In the Republic of Serbia, the Serbian language and Cyrillic alphabet are in official use (Law on official use of languages and alphabets: Sl. glasnik RS, no. 45/91, 53/93, 67/93, 48/94, 101/2005, 30/2010, 47/2018 and 48/2018). The Latin script is used in municipalities having a considerable population belonging to people whose primary script is Latin, in line with their tradition.
In those areas where significant numbers of ethnic minorities live, the minority languages are in official use concurrently with the Serbian language. After World War II, ethnic minorities gained the right to the official use of their languages.
In AP Vojvodina, 20 municipalities use an ethnic minority language in addition to Serbian. 11 municipalities recognise two ethnic minority languages, and five municipalities and the city of Novi Sad use three ethnic minority languages in addition to Serbian.
Still, cultural practices are equalising the use of both the Cyrillic and Latin alphabet; Cyrillic is predominant in official communication, while Latin is predominant in the marketplace and in business communication (billboards, shop windows, etc.).
The media (press) is published in both alphabets, according to their marketing strategies or tradition (Politika (Cyrillic) – Danas (Latin), NIN (Cyrillic) – Vreme (Latin), etc.).
This plurality started to be seriously questioned as cultural policy perceives the split of what used to be Serbo-Croat language and the present constitution of Croat, Bosnian and Bosniak, and Montenegrin as specific languages that represent a threat for Serbian language (numerous chairs for Serbian language within Slavic departments had been replaced by one of the other three). The extensive use of the Latin alphabet in the cultural space of Serbia made it unclear that these books are part of Serbian culture (in numerous libraries abroad all books printed in Latin alphabet had been classified as written in Croatian). At the same time, numerous intellectuals from the region have gathered to create a Declaration about a common language without name. Until now (September 2018), around 9100 people have signed the Declaration. In the whole region of Serbia, language was considered as Serbo-Croat while the idea of two distinctive languages was already promoted in Croatia since 1967. The split from Yugoslavia in 1991 reinforced those tendencies and each of the new constituted states named their language by the ethnic majority of its inhabitants. The cultural community in Serbia opposed “serbianisation” of the language (especially criticized was an attempt to introduce dialect spoken in Serbia as the only official dialect to distinguish of both Croats and Bosnians in the Republic of Srpska). In other republics this nationalisation of language had been meticulously implemented (in Montenegro three new letters had been introduced; in Croatia numerous dictionaries had been published to point out words labelled as Serbism’s; in Bosnia and Herzegovina the language policy reintroduced numerous Turkism’s, etc.)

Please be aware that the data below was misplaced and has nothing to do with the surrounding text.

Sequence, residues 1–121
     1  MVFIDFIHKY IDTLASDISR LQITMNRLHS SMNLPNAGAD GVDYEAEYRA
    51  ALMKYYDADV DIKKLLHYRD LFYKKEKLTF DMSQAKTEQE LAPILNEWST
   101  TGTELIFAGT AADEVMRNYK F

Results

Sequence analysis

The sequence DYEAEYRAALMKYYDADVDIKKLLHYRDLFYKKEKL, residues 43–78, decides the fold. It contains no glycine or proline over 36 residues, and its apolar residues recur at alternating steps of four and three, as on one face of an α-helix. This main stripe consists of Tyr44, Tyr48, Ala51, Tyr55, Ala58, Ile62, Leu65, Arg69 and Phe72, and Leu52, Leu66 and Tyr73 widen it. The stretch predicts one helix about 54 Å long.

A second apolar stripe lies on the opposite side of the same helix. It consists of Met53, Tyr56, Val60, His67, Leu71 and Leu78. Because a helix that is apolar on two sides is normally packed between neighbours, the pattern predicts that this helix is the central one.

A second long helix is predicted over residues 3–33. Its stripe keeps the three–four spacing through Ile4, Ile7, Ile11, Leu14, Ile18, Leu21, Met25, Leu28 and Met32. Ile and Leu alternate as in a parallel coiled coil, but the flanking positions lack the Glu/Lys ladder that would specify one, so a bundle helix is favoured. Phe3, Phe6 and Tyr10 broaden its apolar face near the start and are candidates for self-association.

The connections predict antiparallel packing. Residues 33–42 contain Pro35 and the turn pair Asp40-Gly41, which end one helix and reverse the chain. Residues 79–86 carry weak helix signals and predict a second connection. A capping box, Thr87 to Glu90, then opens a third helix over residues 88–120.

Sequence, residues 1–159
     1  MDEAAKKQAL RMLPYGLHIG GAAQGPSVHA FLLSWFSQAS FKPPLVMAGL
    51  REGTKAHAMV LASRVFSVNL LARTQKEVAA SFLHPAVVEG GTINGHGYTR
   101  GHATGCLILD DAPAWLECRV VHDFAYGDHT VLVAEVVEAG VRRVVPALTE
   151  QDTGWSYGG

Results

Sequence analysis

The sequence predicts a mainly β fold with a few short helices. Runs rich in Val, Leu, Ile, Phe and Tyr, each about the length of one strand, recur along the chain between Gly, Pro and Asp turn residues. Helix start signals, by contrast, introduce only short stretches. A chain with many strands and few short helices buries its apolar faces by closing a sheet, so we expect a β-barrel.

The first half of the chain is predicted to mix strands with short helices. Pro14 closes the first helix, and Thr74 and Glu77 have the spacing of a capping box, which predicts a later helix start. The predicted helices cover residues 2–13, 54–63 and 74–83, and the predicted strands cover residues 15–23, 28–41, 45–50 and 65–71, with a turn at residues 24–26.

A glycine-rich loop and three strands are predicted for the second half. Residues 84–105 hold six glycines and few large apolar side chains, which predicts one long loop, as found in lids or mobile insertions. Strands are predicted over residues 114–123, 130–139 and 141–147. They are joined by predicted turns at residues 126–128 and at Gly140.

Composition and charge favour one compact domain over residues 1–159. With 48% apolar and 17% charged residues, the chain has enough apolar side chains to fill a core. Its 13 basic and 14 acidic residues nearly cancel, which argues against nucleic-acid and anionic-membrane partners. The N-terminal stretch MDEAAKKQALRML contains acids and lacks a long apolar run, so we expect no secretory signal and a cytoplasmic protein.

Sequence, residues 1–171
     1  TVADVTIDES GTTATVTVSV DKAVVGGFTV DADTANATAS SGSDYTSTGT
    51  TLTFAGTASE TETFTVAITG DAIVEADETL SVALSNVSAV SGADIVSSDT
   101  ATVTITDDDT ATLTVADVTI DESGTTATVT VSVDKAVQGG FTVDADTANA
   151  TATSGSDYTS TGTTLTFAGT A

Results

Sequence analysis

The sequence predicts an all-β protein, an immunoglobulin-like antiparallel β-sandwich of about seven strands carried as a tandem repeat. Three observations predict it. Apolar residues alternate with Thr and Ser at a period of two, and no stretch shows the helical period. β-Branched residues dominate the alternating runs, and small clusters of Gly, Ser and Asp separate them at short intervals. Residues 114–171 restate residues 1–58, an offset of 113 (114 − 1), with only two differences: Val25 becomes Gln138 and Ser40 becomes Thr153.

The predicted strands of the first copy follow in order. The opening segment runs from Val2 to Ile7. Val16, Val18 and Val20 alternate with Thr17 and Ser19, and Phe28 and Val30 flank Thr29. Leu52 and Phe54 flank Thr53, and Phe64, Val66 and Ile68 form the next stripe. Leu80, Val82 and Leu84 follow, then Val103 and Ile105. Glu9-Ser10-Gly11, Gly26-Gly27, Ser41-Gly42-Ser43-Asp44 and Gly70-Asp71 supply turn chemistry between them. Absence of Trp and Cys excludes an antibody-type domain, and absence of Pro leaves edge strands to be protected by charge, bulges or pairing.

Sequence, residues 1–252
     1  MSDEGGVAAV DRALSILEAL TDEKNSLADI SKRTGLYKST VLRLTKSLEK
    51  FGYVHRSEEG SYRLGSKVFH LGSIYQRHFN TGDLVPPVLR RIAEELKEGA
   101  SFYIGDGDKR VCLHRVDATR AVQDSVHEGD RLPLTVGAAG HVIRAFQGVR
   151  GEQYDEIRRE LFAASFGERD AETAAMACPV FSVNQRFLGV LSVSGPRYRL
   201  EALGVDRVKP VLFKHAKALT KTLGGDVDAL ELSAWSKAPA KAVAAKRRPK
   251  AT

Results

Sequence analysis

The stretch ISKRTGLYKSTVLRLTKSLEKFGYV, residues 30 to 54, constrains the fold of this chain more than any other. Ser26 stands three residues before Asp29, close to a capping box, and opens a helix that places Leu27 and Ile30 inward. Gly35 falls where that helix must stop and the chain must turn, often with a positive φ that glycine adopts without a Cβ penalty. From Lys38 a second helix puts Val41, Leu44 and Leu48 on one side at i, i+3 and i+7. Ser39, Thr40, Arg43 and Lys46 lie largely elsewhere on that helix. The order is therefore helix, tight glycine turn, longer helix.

As the Latin alphabet continued to prevail in
public communication, due to tradition from socialist period but also
due to market reasons, numerous organisations evaluated that Cyrillic
alphabet is under threat in its public use and that the Law on official
use is not sufficient enough.